Murdoch donates $1m to Republicans

He supported Obama in 2008, but now the media tycoon has made one of the Republicans’ biggest privat

Rupert Murdoch has donated $1m to the Republican Party in advance of the midterm elections in November.

The media magnate supported and praised Barack Obama from early on in the primary season in 2008, but has now turned to the Republicans, it seems. News Corporation commented that it supported the Republicans' "pro-business agenda" and felt that the party was aligned with "our priorities at this most critical time for our economy".

The Murdoch-owned titles the Wall Street Journal and New York Post, as well as Fox News, have long been editorially aligned with the Republicans, and now Murdoch himself is following suit.

Crucially, the donation was made to the Republican Governors Association (RGA). Although the main focus so far has been on the House and Senate races, where unusual candidates and unusually large predicted gains have drawn media attention, the GOP also looks likely to gain a majority of governorships. There are 37 governorships being contested this year, the most ever in a single election.

Unlike national political parties and individual candidates for the House and Senate, gubernatorial campaigns can accept unlimited donations from corporations. News Corporation has clearly taken advantage of this in choosing the destination of its funds.

Kansas, Iowa, Michigan, Pennsylvania, Tennessee, Wyoming and Wisconsin all look likely to swing to the Republicans, and in several more states the race is too close to call. A combination of governing-party implosion and the after-effects of the recession will probably allow the Republicans to take six or seven governorships overall, despite a few potential wobbles by GOP candidates in Connecticut, Hawaii and Minnesota.

This is by no means the first time that Murdoch has switched political allegiances to favour his own business interests. In the UK, his famed switch from Conservative to Labour stands out, as does the less prominent switch back for the most recent general election.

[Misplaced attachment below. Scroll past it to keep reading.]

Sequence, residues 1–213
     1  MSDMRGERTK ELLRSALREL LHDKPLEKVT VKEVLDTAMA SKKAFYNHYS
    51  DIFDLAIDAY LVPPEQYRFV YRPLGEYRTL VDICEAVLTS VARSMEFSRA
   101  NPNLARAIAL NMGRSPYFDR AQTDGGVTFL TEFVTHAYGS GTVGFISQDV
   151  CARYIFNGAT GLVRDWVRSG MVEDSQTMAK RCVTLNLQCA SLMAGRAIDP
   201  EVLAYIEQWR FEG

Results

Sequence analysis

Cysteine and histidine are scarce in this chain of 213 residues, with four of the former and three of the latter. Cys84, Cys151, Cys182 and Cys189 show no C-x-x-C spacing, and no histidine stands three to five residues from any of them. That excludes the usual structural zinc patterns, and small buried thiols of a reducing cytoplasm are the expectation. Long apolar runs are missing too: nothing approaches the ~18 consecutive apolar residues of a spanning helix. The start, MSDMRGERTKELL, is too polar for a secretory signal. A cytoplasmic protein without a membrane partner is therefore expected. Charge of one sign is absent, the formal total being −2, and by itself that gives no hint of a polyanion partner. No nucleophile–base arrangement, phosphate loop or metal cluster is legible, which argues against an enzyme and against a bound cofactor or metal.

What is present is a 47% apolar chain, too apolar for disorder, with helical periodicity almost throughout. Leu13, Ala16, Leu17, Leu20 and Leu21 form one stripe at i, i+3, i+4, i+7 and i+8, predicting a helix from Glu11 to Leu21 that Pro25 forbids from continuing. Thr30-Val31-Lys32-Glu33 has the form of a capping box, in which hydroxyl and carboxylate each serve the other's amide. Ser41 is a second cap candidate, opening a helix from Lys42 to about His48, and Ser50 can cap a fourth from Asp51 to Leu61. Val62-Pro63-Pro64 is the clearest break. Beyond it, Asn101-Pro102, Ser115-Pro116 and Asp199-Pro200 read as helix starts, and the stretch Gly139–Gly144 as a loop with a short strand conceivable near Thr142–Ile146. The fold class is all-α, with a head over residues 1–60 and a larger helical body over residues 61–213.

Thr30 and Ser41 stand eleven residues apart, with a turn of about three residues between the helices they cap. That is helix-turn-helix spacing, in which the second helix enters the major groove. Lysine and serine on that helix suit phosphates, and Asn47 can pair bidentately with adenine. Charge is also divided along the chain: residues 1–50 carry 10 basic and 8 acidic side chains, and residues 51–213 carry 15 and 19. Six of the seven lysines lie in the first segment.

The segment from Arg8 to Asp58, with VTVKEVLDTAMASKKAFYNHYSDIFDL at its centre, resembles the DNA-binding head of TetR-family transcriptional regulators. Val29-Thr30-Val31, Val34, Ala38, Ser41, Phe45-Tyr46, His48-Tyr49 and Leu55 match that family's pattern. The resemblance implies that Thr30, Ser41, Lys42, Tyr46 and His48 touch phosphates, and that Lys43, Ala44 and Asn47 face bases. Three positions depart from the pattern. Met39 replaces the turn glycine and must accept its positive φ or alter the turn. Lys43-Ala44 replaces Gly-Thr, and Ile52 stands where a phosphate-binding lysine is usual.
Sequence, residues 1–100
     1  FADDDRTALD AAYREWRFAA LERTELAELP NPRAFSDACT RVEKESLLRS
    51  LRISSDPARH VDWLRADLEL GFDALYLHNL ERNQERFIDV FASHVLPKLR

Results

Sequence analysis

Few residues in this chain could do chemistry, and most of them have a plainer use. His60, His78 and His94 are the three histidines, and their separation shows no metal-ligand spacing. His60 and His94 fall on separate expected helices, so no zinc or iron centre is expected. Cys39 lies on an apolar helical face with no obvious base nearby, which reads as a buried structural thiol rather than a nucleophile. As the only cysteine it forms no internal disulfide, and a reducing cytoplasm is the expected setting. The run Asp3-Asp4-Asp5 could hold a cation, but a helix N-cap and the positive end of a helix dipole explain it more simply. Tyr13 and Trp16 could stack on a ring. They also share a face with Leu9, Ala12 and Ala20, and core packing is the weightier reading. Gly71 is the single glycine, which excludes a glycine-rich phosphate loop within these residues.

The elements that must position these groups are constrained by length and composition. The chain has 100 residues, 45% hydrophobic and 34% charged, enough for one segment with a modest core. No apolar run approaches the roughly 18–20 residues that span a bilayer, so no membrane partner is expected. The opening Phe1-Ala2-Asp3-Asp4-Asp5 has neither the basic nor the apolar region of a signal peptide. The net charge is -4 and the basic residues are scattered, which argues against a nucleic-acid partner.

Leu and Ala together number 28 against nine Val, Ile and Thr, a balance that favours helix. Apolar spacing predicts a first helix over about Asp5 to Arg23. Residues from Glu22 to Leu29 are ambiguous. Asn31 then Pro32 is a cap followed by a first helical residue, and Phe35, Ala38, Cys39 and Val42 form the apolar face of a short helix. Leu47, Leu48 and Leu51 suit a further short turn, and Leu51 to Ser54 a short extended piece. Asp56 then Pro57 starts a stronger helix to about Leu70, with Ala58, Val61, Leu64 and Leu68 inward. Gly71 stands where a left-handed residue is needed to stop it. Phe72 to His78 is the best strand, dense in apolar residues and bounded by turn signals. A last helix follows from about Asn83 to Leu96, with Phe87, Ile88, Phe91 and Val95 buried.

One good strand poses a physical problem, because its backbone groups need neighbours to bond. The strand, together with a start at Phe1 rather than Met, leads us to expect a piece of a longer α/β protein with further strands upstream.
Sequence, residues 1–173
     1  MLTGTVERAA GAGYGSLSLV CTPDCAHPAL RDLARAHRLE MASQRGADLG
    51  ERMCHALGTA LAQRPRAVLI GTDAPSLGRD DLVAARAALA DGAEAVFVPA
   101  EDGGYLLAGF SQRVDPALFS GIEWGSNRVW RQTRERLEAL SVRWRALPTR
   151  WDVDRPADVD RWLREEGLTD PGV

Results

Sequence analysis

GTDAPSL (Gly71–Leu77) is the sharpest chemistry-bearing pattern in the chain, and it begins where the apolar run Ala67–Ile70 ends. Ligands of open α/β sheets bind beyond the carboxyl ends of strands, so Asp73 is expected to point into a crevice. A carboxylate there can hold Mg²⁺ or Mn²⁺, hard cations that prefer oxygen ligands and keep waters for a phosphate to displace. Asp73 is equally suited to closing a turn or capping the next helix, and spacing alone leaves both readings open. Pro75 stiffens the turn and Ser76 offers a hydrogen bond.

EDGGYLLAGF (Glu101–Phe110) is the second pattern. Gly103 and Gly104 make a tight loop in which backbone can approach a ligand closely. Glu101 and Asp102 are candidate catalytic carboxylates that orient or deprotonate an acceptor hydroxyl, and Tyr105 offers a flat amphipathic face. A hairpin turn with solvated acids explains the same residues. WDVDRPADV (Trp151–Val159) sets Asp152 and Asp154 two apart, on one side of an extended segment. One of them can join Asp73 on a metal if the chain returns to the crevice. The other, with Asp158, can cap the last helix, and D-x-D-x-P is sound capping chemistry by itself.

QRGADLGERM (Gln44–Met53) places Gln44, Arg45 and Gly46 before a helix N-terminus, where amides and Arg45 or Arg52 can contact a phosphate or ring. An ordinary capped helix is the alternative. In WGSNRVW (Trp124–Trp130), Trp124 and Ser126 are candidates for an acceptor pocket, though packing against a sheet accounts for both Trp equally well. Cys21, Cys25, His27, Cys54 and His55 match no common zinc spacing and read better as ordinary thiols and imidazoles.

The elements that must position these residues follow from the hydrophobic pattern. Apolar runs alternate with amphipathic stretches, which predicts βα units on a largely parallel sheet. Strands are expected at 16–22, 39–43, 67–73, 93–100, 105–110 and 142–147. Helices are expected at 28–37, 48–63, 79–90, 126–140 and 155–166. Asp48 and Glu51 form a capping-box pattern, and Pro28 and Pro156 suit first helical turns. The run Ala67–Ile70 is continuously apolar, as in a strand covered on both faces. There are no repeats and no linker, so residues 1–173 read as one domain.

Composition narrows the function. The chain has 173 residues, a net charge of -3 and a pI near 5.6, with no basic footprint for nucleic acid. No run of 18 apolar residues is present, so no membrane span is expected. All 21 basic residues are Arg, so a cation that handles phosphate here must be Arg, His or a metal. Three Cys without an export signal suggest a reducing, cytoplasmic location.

Targeting the funding at gubernatorial races rather than those for the House and Senate is undoubtedly designed to further the "pro-business agenda" identified by News Corporation. Although there are variations with individual state constitutions, many governors wield immense power over budgeting and local government appointments, enabling them to set the agenda for regulation and taxation in their state. It increasingly seems that many state legislatures will also swing to the Republicans, and so new governors aren't likely to have much trouble passing legislation once they're in office.

According to information released through the Internal Revenue Service, the RGA has raised $58m in the first half of this year to the Democrats' $40m. In addition to benefiting from anti-incumbent sentiment and recession backlash, the RGA has received significant donations from health insurance giants such as Wellpoint, in response to the passage of the Democrats' health-care bill earlier this year.

Across the US, the midterms are going to be a useful political bellwether for how the parties are really faring post-2008. Murdoch's donation signals perhaps the most intriguing area: how many governorships can the Republicans take?

Caroline Crampton is web editor of the New Statesman.

Photo: Getty Images
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What can you do about Europe's refugee crisis?

The death of a three-year-old boy on a beach in Europe has stirred Britain's conscience. What can you do to help stop the deaths?

The ongoing refugee crisis in the Mediterranean dominates this morning’s front pages. Photographs of the body of a small boy, Aylan Kurdi, who washed up on a beach, have stunned many into calling for action to help those fleeing persecution and conflict, both through offering shelter and in tackling the problem at root. 

The deaths are the result of ongoing turmoil in Syria and its surrounding countries, forcing people to cross the Med in makeshift boats – for the most part, those boats are anything from DIY rafts to glorified lilos.

What can you do about it?
Firstly, don’t despair. Don’t let the near-silence of David Cameron – usually, if nothing else, a depressingly good barometer of public sentiment – fool you into thinking that the British people is uniformly against taking more refugees. (I say “more” although “some” would be a better word – Britain has resettled just 216 Syrian refugees since the war there began.)

A survey by the political scientist Rob Ford in March found a clear majority – 47 per cent to 24 per cent – in favour of taking more refugees. Ford has also set up a Facebook group coordinating the various humanitarian efforts and campaigns to do more for Britain’s refugees, which you can join here.

Save the Children – whose campaign director, Kirsty McNeill, has written for the Staggers before on the causes of the crisis – have a petition that you can sign here, and the charity will be contacting signatories to do more over the coming days.

And a government petition, which you can sign here, could get the death toll debated in Parliament. 

Stephen Bush is editor of the Staggers, the New Statesman’s political blog.